• The tools of the trade, so to speak, including how to use a cocktail strainer (used to strain ice), a cocktail spoon (used to stir), a jigger (used to measure shots) and a shaker (used to mix drinks).

  • The right way to pour beverages, including wine etiquette and pouring a beer in a way that prevents beer foam from overwhelming the glass.

Related: Bartending Interview Questions and How To Answer

What is the average salary for a bartender?

The average salary for a bartender depends on a variety of factors, such as experience, skill level and location. A bartender's salary also depends on their hourly wage and the tips they receive from their customers. Bartenders who work in busy restaurants or popular bars may make more money than those who work in smaller establishments. For the most up-to-date information from Indeed, please click on the salary link below.

  • Average salary for a bartender in the U.S.: $11.70 per hour

  • Some salaries range from $7.25–$28.30 per hour.

Related: How To Negotiate Salary (With Tips and Examples)

Frequently asked questions about being a bartender

Here are some frequently asked questions about becoming a bartender:

Where do bartenders usually work and what are their typical work hours?

Bartenders typically work late evenings and on weekends in restaurants, bars, clubs, hotels and other food and drink service establishments. Bartending is a demanding job that requires working under pressure during busy hours to provide quality service to customers.

What is the long-term career outlook for a bartender?

Bartenders who gain work experience are more likely to obtain jobs with busy, successful establishments and advance in their careers. Some bartenders are promoted to restaurant management positions while others choose to open their own bars.

Which laws guide the bartender profession?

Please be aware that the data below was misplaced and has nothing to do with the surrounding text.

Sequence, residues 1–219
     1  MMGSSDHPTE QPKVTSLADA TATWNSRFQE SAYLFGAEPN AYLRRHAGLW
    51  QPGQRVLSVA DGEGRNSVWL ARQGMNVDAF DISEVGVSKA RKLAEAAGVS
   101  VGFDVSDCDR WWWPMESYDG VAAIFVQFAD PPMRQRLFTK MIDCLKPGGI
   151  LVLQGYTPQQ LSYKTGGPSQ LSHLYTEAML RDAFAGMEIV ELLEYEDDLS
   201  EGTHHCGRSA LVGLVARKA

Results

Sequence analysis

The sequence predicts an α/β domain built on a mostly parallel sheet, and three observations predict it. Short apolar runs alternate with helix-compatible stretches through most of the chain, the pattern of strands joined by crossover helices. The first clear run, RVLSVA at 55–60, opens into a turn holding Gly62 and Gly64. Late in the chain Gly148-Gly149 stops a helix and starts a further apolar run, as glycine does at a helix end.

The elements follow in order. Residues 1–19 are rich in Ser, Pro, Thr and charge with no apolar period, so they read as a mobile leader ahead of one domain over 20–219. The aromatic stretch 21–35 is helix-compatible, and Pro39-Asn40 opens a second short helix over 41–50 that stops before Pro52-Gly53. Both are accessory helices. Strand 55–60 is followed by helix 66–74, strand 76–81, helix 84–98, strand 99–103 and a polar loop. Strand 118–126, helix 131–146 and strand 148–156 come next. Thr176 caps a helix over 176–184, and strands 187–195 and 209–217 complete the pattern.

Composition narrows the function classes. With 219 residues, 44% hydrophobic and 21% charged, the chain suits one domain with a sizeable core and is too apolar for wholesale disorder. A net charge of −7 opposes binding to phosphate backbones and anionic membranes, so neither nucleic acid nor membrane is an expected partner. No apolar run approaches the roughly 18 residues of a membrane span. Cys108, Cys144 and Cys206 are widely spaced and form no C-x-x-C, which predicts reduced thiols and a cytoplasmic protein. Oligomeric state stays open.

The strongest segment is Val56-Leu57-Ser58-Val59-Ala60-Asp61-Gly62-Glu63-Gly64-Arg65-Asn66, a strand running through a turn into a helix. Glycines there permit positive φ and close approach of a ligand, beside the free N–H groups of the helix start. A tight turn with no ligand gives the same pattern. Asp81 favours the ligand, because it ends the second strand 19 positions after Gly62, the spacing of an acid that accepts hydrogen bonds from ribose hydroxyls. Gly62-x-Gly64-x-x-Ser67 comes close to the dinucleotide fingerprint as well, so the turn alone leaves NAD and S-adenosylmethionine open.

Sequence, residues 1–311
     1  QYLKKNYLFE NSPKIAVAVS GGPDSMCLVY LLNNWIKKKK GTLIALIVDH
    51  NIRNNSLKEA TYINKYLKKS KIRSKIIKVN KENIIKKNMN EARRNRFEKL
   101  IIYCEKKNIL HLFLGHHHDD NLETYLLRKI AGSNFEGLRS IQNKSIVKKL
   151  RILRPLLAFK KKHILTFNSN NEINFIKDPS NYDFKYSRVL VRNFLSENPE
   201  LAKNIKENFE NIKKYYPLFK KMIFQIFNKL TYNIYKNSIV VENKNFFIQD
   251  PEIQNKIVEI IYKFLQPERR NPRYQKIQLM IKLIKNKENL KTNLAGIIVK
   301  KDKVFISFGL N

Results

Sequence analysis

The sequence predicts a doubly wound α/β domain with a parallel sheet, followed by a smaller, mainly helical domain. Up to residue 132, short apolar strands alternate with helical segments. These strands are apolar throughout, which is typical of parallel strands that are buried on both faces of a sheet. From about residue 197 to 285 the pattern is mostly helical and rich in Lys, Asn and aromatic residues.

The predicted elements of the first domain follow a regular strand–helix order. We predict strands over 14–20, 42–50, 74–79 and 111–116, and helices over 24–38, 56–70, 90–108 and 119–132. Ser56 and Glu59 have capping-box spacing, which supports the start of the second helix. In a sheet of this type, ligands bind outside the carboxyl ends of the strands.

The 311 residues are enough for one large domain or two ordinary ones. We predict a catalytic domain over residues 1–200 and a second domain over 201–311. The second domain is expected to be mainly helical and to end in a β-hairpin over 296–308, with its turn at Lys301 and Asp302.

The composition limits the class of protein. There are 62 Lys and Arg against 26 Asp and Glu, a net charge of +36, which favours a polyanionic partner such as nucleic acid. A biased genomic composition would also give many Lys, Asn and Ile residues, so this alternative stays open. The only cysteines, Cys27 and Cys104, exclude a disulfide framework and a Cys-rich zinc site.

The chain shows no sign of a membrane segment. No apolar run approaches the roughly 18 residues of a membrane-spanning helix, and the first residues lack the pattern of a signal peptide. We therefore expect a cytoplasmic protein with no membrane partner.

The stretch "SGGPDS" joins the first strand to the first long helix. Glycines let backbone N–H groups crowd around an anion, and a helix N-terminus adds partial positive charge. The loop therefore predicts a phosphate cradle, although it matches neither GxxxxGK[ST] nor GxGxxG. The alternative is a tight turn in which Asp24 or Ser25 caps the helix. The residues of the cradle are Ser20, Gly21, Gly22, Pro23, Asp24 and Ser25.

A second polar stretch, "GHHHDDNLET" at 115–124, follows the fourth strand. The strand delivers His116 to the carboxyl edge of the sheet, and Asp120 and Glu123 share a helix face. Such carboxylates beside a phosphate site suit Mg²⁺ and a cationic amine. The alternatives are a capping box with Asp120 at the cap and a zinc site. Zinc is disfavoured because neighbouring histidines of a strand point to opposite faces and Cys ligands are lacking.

Several laws regulate the service of alcohol to customers. These laws vary from state to state, but here are some common laws and regulations that bartenders must adhere to:

Required age to work as a bartender

The age requirements for bartending are different from state to state. In most states, adults between the ages of 18 and 20 can work as bartenders, while other states require bartenders to be at least 21 years old.

Licensing and certification

Licenses are not required for bartenders to work in most states. However, some states may require bartenders to attend classes to learn about state alcohol service laws and obtain an alcohol safety certification. In other states, a certification may not be legally required, but may still be required by some employers.

Alcohol sales hours

Bartenders should be aware of alcohol sales hours, which can vary by state. For example, in California, alcoholic beverages may only be served in licensed establishments from 6 a.m. to 2 a.m. daily.

Selling alcohol to underage customers

Bartenders are not permitted to serve alcohol to anyone under the age of 21. They are expected to request an acceptable ID that displays the customer's name, picture and date of birth to prove they are of legal drinking age.

Selling alcohol to drunk customers

Bartenders are also not permitted to serve alcohol to highly intoxicated customers. A person who is intoxicated can be identified from their appearance, speech and other indicators. It's a bartender's responsibility to keep an eye out for these signs.

Drinking behind the bar

In some states, it's considered illegal for a bartender to consume alcohol while working, while in other states that decision is left up to the employer.

Related: Bartender Resume Samples

Related Articles

Mixologist vs. Bartender: What Are the Differences?

Explore more articles

  • 7 Common Pricing Models
  • How To Use the Excel OFFSET Function (Examples and Tips)
  • What Is Formal Communication? (And Why It's Important)
  • 100 Business Ideas with Low Startup Costs
  • 15 Ethical Principles in Business (With Definitions)
  • Threat of New Entrants Explained: Barriers and Characteristics
  • How To Perform a Query in a Database in 4 Steps
  • 7 Tips To Identify and Manage Ambiguity in the Workplace
  • H1 vs. H2 Heading Tags: Here's the Difference
  • How To Calculate P-Value in Excel Using Two Methods
  • 8 Types of Music To Increase Work Productivity
  • Common Communication Barriers (With Examples and Tips)